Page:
Excerpt from Dust Bowl Girls by Lydia Reeder, plus links to reviews, author biography & more

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Dust Bowl Girls

The Inspiring Story of the Team That Barnstormed Its Way to Basketball Glory

by Lydia Reeder

Dust Bowl Girls by Lydia Reeder X
Dust Bowl Girls by Lydia Reeder
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  • First Published:
    Jan 2017, 304 pages
    Paperback:
    Dec 2017, 304 pages

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Book Reviewed by:
Donna Chavez

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Print Excerpt

New Recruit
Chapter 1
February 1930

Doll Harris crouched in ready position, took a deep breath, and focused on the basketball now in enemy territory. More than anything, she wanted the ball back. Doll's high school team, the Cement Lady Bulldogs, was battling its archrival, the Fletcher Lady Wildcats, for the Southwest Oklahoma district championship and the right to play in the regional tournament. Doll was a senior and the Bulldogs' star forward. The game, in its final seconds, was tied, 28–28. The hometown crowd of 350 leaped to their feet when the Bulldog guards fought hard for the ball, the rubber soles of their Converse high-tops rendering sharp chirps with every move. The referee, expecting the tangle of players to commit a foul at any minute, held his whistle ready.

"Get the ball to Doll, you all," the pep squad chanted.

"Ball to Doll!" the crowd joined in.

helped her to guide shots magically over the rim and into the basket. Doll made almost half of the field goals she attempted and nearly all of the free throws.

With twelve seconds left in the game, Doll and her teammates did the drill that would set up the final shot. The Cement forwards passed the ball to each other, keeping it in play to run down the clock. The frustrated Wildcat guards couldn't get their hands back on the ball. Finally, with three seconds left, Doll jumped to catch a wild pass from her teammate. With one second left, she made the shot. As if answering a magnetic call from the basket, the ball whooshed cleanly through the net. Cement had won, 30–28.

Cheers shook the gymnasium's rafter bolts. Farmers, ranchers, oil-rig workers, and their families who attended all the games leaped skyward. Schoolkids hugged each other, and the heroic Lady Bulldogs, still feeling the effects of the adrenaline rush, danced in circles while holding hands. A unifying spirit took hold, driving away thoughts about the plummeting crop prices, rising foreclosures, and growing food scarcity. These worries evaporated in the warmth spread by the delight in winning.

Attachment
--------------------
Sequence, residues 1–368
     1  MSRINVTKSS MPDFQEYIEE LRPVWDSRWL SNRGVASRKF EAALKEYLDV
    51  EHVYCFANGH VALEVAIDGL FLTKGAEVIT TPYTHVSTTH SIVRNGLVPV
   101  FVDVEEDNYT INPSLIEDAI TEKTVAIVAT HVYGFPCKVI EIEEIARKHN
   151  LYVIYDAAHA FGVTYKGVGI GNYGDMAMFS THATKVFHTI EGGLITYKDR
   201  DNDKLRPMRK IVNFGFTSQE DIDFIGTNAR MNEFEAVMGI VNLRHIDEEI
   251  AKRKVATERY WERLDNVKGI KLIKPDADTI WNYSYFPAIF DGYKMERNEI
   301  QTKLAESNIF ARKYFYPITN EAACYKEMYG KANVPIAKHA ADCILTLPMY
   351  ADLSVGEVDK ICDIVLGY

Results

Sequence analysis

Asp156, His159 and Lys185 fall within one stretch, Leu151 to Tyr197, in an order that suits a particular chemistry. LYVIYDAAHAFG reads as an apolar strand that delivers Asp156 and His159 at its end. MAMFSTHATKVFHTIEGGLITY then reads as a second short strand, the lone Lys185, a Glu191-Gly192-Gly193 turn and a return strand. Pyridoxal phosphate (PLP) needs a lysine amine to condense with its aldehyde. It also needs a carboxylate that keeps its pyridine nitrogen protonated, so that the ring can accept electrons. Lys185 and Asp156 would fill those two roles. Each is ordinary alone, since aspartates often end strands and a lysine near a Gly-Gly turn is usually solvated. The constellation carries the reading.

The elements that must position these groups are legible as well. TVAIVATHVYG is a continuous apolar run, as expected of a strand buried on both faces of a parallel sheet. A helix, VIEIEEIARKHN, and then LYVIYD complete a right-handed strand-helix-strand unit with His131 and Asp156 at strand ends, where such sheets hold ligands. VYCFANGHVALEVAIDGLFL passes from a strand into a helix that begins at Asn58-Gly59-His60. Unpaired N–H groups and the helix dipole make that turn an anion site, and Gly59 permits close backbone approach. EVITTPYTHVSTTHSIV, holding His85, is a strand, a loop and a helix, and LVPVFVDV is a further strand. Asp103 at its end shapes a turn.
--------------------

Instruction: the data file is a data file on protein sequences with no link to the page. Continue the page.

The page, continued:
After more than fifteen minutes, the jubilant shouts dwindled to buzzing murmurs, and the boys began warming up on court for the next game. The crowd settled in to root for their team one more time.

Doll was on her way back to the locker room when she heard someone call her name. She glanced back to see her coach, Mr. Daily, motioning her over to where he was standing with a broad-shouldered man wearing a black suit and a silk tie. He stuck out like a sore thumb in the midst of all the people milling about in work overalls and cotton dresses. As she walked back toward them, the stranger fixed his collar and smoothed a hand down the front of his jacket. Mr. Daily introduced the well-dressed man as Sam Babb, coach of the Cardinals at the Oklahoma.

Presbyterian College for Girls in Durant, 150 miles east of Cement. Doll lifted her eyebrows and stared at Mr. Babb. His thick black hair was cut in a flattop above a high forehead and bushy eyebrows. He had a broad, stern face; a straight nose; and a prominent chin that turned double when he stared down at her. She never would have guessed he was a basketball coach. He looked more like a banker from the city. And she knew all she needed to know about bankers—her father, a sharecropper, hated them because they were always raising interest rates. As Babb took a couple of steps toward her, she noticed that he had a pronounced limp.

Babb greeted Doll in a smooth baritone voice. When he reached out to shake her hand, his solemn face lit up with a smile. He said he'd like to tell her about the basketball program at OPC, that he was looking for a talented forward to add to the Cardinals' offense. "I need players willing to work hard. Are you willing to work, Miss Harris?"

"I'm a competitor."

Excerpted from Dust Bowl Girls by Lydia Reeder. Copyright © 2017 by Lydia Reeder. Excerpted by permission of Algonquin Books. All rights reserved. No part of this excerpt may be reproduced or reprinted without permission in writing from the publisher.

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